Saturday, February 25, 2012
Energy Efficiency - An International Movement - Are IEs Participating?
International Energy Agency
Energy efficiency offers a powerful and cost-effective tool for achieving a sustainable energy future. Improvements in energy efficiency can reduce the need for investment in energy infrastructure, cut fuel costs, increase competitiveness and improve consumer welfare. Environmental benefits can also be achieved by the reduction of greenhouse gases emissions and local air pollution. Energy security can also profit from improved energy efficiency by decreasing the reliance on imported fossil fuels. For these reasons, energy efficiency was one of six broad focus areas of IEA's G8 Gleneagles Programme. The IEA has published 25 policy recommendations for promoting energy efficiency that were updated and endorsed by IEA ministers in 2011. If implemented globally it is estimated that global CO2 emissions could be reduced by 7.6 gigatonnes by 2030.
The IEA promotes energy efficiency policy and technology in buildings, appliances, transport and industry, as well as end-use applications such as lighting. Our analysis identifies best-practice, highlighting the possibilities for energy efficiency improvements and policy approaches to realise the full potential of energy efficiency for our Member countries.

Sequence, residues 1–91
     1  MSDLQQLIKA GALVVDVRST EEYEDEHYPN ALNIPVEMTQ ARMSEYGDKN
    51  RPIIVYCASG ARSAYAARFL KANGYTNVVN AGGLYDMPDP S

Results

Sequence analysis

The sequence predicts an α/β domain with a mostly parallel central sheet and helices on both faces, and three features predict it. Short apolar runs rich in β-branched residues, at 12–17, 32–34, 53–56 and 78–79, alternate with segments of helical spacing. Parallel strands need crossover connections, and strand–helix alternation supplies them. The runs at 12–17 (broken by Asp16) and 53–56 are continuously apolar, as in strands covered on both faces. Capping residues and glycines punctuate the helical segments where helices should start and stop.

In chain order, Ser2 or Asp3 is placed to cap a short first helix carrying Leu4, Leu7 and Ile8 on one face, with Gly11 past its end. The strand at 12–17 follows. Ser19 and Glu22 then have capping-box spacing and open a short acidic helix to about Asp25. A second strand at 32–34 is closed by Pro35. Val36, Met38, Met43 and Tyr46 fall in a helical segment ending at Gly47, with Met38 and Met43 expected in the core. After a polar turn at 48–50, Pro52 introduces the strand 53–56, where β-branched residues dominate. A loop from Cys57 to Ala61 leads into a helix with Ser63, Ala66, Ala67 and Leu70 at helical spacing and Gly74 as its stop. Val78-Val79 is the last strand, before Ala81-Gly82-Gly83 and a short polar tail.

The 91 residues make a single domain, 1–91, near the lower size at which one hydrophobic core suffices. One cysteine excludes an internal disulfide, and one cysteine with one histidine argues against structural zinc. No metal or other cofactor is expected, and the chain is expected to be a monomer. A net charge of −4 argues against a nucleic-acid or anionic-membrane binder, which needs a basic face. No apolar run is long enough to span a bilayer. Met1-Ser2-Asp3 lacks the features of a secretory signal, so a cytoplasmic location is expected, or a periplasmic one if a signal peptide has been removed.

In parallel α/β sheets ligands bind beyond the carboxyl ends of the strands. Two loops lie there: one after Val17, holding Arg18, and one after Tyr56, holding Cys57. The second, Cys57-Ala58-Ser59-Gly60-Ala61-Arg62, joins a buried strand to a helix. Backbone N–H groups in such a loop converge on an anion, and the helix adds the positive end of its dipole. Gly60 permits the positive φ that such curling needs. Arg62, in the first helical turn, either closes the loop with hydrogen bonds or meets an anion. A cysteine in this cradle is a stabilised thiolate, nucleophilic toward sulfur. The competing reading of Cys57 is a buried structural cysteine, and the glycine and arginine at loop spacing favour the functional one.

http://www.iea.org/subjectqueries/keyresult.asp?keyword_id=4122 (Accessed on 26.2.2012)
IEA Energy Efficiency Home Page: http://www.iea.org/efficiency/index.asp
Reducing energy consumption and eliminating energy wastage are among the main goals of the European Union (EU). EU support for improving energy efficiency will prove decisive for competitiveness, security of supply and for meeting the commitments on climate change made under the Kyoto Protocol. There is significant potential for reducing consumption, especially in energy-intensive sectors such as construction, manufacturing, energy conversion and transport. At the end of 2006, the EU pledged to cut its annual consumption of primary energy by 20% by 2020. To achieve this goal, it is working to mobilise public opinion, decision-makers and market operators and to set minimum energy efficiency standards and rules on labelling for products, services and infrastructure.
http://ec.europa.eu/energy/efficiency/index_en.htm (Accessed on 26.2.2012)
US Department of Energy - Energy Efficiency and Renewable Energy - Web page
India - Bureau of Energy Efficiency